It is a tale as old as time, majority of appraisers do not participate in mentoring a trainee. For some appraisers, they may not know where to enroll in a mentoring program and for others, their assignments cannot be accepted by a lender if a trainee conducts it. Although the industry guidelines have changed over time for trainees, mentoring has many more pros than cons. Ask yourself, how can the future of the industry properly do their job if they are not properly educated, taught, or trained?
Mike Brocker-Querio with Amrock has focused his career on training programs which have helped him stay on his A game as an appraiser.
Buzz: Mike, thank you for joining us today. Prior to your career as an Appraisers, you were in the Army. Which we would like to thank you for your service. What encouraged you to enter the appraisal industry?
Mike: Soon after I was honorably discharged, a close friend started training as an appraiser. At the time, I had zero idea of what an appraiser did, and it took a few weeks of convincing me before I took a leap of faith and joined the team. I instantly fell in love with the profession and became obsessed with architecture at the same time.
Buzz: What encouraged you to begin mentoring trainees?
Mike: At first, it was born out of necessity. Shortly after I became licensed, I started a new position with a local appraisal firm and part of the job responsibilities was to take on a trainee. I quickly found that I enjoyed teaching trainees the tricks of the trade.
Soon thereafter, I began working with the owner of the company to develop a standardized training program. We were able to help over a dozen appraisers become licensed in my three and a half years with the company.
The feeling of accomplishment that comes from assisting someone in achieving their goals and potential was a big part of why I kept taking on trainees. I went on to train additional appraisers at my own business and now, contribute to the trainee program at Amrock.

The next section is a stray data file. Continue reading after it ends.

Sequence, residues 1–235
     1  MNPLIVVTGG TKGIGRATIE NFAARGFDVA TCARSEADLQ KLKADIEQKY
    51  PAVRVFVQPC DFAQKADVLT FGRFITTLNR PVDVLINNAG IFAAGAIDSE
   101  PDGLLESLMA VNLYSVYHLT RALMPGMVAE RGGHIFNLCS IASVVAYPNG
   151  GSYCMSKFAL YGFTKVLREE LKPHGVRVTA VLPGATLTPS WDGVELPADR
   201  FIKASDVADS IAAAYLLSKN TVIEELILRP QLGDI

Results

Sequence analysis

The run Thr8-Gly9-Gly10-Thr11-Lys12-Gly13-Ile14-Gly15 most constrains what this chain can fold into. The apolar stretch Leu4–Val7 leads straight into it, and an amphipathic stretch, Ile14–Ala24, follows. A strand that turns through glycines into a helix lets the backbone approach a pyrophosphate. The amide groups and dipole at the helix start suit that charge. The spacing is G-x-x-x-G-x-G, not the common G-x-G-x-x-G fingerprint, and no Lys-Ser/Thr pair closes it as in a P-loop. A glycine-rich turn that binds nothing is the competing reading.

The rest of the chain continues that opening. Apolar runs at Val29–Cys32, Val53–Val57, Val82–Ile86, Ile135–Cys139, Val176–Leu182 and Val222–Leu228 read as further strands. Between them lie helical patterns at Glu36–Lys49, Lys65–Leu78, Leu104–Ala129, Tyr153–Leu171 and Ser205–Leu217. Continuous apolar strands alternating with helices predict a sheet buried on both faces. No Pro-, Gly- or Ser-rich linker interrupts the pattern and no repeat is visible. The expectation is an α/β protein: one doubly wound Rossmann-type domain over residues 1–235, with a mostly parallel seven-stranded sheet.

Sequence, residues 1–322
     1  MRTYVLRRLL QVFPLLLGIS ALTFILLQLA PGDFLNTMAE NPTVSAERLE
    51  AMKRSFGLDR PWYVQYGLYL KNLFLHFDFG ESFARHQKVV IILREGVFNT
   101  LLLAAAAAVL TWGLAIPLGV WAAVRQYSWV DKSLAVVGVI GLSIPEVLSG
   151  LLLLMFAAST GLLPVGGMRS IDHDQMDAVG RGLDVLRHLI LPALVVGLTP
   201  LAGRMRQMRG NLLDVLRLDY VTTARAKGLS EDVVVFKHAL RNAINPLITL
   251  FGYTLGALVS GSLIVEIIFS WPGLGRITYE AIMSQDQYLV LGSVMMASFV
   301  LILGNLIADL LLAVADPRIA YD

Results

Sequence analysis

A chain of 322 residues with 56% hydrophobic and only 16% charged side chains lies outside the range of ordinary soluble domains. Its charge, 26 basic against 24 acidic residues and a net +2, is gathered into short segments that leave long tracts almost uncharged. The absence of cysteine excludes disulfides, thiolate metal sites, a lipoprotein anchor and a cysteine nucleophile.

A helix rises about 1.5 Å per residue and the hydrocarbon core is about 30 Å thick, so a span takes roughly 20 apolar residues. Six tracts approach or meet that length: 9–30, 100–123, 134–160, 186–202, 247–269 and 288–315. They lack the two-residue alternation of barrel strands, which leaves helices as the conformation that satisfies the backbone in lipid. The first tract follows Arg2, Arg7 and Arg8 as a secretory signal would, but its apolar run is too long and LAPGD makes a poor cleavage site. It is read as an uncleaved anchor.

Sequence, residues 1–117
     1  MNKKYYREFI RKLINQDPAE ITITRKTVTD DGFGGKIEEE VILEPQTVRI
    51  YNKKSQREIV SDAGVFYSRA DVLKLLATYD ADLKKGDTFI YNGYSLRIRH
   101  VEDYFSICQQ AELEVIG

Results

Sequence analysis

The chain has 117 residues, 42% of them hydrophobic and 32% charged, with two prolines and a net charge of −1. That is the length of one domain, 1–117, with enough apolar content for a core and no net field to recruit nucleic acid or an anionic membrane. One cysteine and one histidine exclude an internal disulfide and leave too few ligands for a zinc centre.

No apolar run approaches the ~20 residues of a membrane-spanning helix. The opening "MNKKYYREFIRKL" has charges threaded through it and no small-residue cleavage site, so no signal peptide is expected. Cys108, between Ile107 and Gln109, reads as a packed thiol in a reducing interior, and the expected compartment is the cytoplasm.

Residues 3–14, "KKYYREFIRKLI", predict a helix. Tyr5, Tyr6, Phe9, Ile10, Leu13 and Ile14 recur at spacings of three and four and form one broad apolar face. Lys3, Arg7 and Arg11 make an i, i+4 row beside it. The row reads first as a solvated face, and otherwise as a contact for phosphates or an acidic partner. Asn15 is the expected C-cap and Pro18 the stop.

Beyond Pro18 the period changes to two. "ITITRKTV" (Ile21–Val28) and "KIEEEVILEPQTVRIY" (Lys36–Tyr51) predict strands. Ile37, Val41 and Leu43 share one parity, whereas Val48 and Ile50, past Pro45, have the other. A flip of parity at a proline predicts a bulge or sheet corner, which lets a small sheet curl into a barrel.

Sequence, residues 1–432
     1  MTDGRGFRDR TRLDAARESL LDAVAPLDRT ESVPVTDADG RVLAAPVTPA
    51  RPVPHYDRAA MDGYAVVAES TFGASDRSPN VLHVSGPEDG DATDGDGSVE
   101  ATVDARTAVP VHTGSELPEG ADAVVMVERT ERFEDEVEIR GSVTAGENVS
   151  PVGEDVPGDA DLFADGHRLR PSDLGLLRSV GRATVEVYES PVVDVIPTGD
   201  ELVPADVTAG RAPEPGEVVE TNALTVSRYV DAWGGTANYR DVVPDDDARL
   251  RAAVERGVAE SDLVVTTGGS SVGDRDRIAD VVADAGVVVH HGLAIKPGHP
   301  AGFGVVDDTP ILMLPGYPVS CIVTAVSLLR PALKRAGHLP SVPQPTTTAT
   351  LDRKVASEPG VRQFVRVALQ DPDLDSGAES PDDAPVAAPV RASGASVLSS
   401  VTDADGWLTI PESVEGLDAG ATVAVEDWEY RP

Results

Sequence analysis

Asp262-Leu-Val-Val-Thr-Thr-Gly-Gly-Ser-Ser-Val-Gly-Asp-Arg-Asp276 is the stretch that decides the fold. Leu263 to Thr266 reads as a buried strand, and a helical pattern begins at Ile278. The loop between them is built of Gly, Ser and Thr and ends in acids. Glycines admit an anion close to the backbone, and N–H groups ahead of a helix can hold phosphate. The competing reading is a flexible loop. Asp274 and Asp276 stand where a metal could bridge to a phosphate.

Buzz: Have you seen the mentoring process benefit veteran appraisers?
Mike: Having a trainee keeps your skills sharp. You’re continually referring back to the Uniform Standards of Professional Appraisal Practice (USPAP), the government-sponsored enterprise (GSE) guidelines, and other materials.
As an independent or small business appraiser, it’s very easy to become isolated from the changes that are taking place in the industry. Having a trainee keeps you closer to those changes.
Buzz: Many appraisers are hesitant about mentoring a trainee. What piece of advice could give to someone who may be on the fence about taking on a trainee?
Mike: Don’t hesitate. DO IT! It will give you a renewed passion for your work.
Taking on a trainee will help strengthen your business through the efficiencies gained by having a trainee act as a force multiplier. A trainee makes it possible to complete more work in the same amount of time.
Keep an open mind and encourage your trainee to ask questions. Encourage them to suggest alternative ways of doing things. Trainees have a fresh perspective and can see things in a different light that may simplify your current processes.
Buzz: What do you see as the biggest challenge for new appraisers entering the field? How can veteran appraisers help?
Mike: The biggest challenge I see for new appraisers is finding lenders that are willing to accept work where a trainee inspected the subject property on their own. The good news is that veteran appraisers can help by contacting their lenders and informing them that they want to work with a trainee.
Work with the lenders to get their buy-in. Explain the steps you’ve taken to make sure your trainee is doing things by the book. Also explain the advantages of using a trainee; that you’ll be more efficient and could possibly handle more work. Proactive communication with your lenders also creates better relationships that benefit all involved.
Buzz: Before we conclude this Q&A, is there anything else you would like to add?
Mike: To appraisers that are mentoring a trainee: I encourage you to explore technology, independent of what you use. Use a compare-and-contrast evaluation system to see which technology benefits your process the most. Incentivize your trainee to do this. At the end of the day, if your trainee is making you more efficient, everyone wins!
If you would like to submit an article to the Appraisal Buzz, please contact us at firstname.lastname@example.org.